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Adams v. Life Insurance Company of North America

August 3, 2009


The opinion of the court was delivered by: Padova, J.


William Adams brings this action against the Life Insurance Company of North America ("LINA") and the Trustees of Philadelphia Federation of Teachers a/k/a Philadelphia Federation of Teachers ("PFT"), seeking long term disability benefits under a policy of insurance administered by LINA for PFT. Defendants have filed a Motion for Summary Judgment, seeking dismissal of Plaintiff's claim. For the reasons that follow, the Motion is denied.


Plaintiff was an apprentice teacher with the Philadelphia School District beginning on September 24, 2001 at Bartram High School. (Defs. Ex. A at 1.) He worked for approximately 74 days before going on sick leave on March 1, 2002 as a result of a pre-existing back condition.*fn1 (Id.) He remained on sick leave for the remainder of the 2001-02 school year. (Id.) Plaintiff was approved to return to full duty effective September 13, 2003, but remained absent without authorization. (Id.) After a hearing, he was directed to return to work as of January 2, 2003. (Id.) He returned to work at Bartram High School as directed, on January 2, 2003, as a co-teacher of mathematics with another teacher. (Id.) On January 30, 2003, a student bumped into Plaintiff, knocking him off balance and aggravating a previous back injury. (Def. Ex. D at 1; Workers' Comp. Decision at 4.) Plaintiff did not return to work after this incident, but received Workers' Compensation benefits. (Def. Ex. A at 1, Workers' Comp. Decision at 1.) Plaintiff continued to receive Workers' Compensation benefits until February 8, 2006, when a Workers' Compensation Administrative Law Judge ("ALJ") granted the School District of Philadelphia's petition to terminate his benefits. (Workers' Comp. Decision at 8.) The Workers' Compensation ALJ found that Plaintiff had "fully recovered from his January 30, 2003 work injury effective June 11, 2003" and terminated his benefits effective June 11, 2003. (Id.)

On September 6, 2001, before he began working as an apprentice teacher at Bartram High School, Plaintiff applied for Disability Insurance Benefits under the Social Security Act. (8/13/03 Soc. Sec. Admin. Decision at 1.) On August 13, 2003, a Social Security ALJ found that Plaintiff was able to "perform the demands of the full range of sedentary work" and denied Plaintiff's application for Disability Insurance Benefits because he was not disabled. (Id. at 7-9.) Plaintiff appealed this decision, which was vacated and remanded. (3/15/06 Soc. Sec. Admin. Decision at 1.) On remand, the ALJ found that Plaintiff's impairment, "degenerative disc disease of the lumbar spine," was severe and that he had been disabled since May 15, 2000. (Id. at 4-5.) The ALJ further found that Plaintiff was entitled to Disability Insurance Benefits. (Id. at 5.)

Plaintiff filed his claim for long term disability ("LTD") benefits with LINA on February 23, 2006.*fn2 (Pl. Ex. B at 231.) In his claim, Plaintiff stated that the January 30, 2003 incident aggravated a pre-existing injury. (Id.) He described his injury as "herniated lumbar disk, L3, L4 and bulging disks L2-3 and L4-5. Herniation resulted from moving a wooden pallet while working for Eckerd Drugs 9/7/99. Out from school district 3/02 til 12/02, then out from school district 2/03 until present." (Id.)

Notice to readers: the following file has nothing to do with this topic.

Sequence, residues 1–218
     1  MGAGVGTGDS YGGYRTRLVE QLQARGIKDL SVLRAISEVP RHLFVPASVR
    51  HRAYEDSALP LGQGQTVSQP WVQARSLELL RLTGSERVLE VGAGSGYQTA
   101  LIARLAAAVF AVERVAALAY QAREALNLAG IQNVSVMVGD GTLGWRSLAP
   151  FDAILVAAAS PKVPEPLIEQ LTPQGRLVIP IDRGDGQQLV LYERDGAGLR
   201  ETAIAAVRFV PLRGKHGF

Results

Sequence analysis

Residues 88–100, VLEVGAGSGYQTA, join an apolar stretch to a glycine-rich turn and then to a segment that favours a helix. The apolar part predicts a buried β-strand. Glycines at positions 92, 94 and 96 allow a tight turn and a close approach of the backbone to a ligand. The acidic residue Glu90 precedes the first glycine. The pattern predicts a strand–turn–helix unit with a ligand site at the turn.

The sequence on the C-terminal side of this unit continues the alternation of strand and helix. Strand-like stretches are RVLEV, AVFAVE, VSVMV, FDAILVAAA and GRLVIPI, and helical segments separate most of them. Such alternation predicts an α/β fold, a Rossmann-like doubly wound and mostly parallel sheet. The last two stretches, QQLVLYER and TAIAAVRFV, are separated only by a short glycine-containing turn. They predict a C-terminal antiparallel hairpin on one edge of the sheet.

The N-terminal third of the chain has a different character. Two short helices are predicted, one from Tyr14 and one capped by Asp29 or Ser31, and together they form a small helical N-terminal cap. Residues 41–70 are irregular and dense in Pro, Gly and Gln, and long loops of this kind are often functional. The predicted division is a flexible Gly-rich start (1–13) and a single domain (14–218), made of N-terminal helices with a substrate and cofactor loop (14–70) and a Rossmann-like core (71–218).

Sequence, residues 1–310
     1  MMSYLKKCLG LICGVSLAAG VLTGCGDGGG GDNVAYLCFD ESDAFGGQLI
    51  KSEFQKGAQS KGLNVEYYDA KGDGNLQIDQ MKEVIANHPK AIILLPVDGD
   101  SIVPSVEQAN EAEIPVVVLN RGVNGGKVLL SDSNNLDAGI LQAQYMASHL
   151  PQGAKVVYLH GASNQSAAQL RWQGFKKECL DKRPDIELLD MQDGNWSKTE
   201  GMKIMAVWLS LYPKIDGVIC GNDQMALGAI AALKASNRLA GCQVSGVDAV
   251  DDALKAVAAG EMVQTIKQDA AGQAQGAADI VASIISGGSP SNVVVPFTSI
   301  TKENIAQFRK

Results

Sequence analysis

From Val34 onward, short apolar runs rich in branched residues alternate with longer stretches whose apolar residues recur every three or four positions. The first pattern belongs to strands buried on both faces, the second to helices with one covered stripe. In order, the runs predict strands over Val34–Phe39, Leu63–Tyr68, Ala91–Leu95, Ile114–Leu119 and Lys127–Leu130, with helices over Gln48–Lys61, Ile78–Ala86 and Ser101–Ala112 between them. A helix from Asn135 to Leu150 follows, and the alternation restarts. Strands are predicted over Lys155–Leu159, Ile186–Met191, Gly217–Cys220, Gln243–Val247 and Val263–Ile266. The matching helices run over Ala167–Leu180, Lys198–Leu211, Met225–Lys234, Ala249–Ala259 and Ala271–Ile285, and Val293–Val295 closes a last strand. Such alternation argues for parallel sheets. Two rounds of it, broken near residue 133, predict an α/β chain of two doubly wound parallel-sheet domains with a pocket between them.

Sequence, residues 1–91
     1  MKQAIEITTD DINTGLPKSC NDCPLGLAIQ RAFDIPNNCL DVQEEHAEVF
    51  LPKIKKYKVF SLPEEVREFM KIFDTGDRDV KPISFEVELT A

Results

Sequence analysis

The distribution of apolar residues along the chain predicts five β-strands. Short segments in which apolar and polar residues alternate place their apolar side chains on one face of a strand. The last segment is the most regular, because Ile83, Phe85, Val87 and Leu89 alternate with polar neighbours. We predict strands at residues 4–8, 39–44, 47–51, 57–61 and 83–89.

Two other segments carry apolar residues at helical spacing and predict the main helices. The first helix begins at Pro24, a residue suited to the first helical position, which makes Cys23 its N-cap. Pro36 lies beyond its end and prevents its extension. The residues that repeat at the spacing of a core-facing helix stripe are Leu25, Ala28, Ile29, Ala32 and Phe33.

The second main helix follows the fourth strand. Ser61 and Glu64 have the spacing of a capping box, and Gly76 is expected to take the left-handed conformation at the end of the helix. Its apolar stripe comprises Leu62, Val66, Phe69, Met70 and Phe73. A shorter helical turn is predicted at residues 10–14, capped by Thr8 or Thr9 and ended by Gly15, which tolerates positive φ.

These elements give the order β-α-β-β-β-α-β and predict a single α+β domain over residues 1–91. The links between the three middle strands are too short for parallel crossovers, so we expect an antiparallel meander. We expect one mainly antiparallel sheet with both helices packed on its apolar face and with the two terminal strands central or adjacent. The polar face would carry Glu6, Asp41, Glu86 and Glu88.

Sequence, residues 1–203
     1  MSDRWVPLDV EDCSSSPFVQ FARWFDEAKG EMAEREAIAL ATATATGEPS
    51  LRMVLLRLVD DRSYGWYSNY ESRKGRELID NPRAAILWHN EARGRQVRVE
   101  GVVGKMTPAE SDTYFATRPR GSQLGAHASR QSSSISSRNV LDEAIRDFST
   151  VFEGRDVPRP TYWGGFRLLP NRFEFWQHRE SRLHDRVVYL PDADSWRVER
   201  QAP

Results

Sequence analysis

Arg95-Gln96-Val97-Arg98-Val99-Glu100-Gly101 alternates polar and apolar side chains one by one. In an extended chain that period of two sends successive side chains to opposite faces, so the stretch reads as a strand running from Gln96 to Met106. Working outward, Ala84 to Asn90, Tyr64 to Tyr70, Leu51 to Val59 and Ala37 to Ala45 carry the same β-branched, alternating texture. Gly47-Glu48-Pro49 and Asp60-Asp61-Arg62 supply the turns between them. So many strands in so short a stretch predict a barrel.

PFT's LTD policy no. LK-030510 (the "Policy") became effective on June 1, 2001 and covered all active, permanent, full-time employees of PFT. (Policy at 1, 3.) Pursuant to the Policy, LINA will pay disability benefits to employees who become disabled as defined by the Policy while covered by the Policy. (Id. at 8.) In order to be eligible for benefits, an employee must be continuously disabled for 365 days. (Id. at 4, 8.) The Policy defines disability/disabled as follows:

An Employee is Disabled if, because of Injury or Sickness,

1. he or she is unable to perform all the material duties of his or her regular occupation, or solely due to Injury or Sickness, he or she is unable to earn more than 80% of his or her Indexed Covered Earnings; and

2. after Disability benefits have been payable for 24 months, he or she is unable to perform all the material duties of any occupation for which he or she may reasonably become qualified based on education, training or experience, or solely due to Injury or Sickness, he or she is unable to earn more than 80% of his or her Indexed Covered Earnings.

(Id. at 4.) The Policy excludes coverage for pre-existing conditions. (Id. at 9.)

LINA denied Plaintiff's application for LTD benefits on May 17, 2006, based on the findings of the Workers' Compensation ALJ who terminated Plaintiff's Workers' Compensation benefits. (Defs. Ex. P.) LINA specifically relied on the following findings of the Workers' Compensation ALJ:

2.b. "Dr. Meller examined Claimant on June 11, 2003. Claimant provided a history of an injury in 1999 while he was lifting items [off] a pallet while working for Eckerd Drugs. For this injury, Claimant treated with a Workers' compensation facility at the Mercy Wellness Center with Dr. Malumed, Dr. Albert, Dr. Bridges, Dr. Friedman and Dr. Salkind. An MRI showed a disc herniation at L3-4, and Claimant underwent epidural injections, one of which provided significant relief. Claimant was out of work until September 2001, when he began working for Employer. After one month, his symptoms worsened. The complaints noted in these records prior to January 30, 2003 are essentially identical to the complaints noted after January 30, 2003. The records of Dr. Salkind noted an April 2, 2000 motor vehicle accident after which claimant underwent a fourth epidural injection and began physical therapy and a medrol dosepack. Claimant failed to mention any motor vehicle accident to Dr. Meller. Surgery was being considered before January 30, 2003."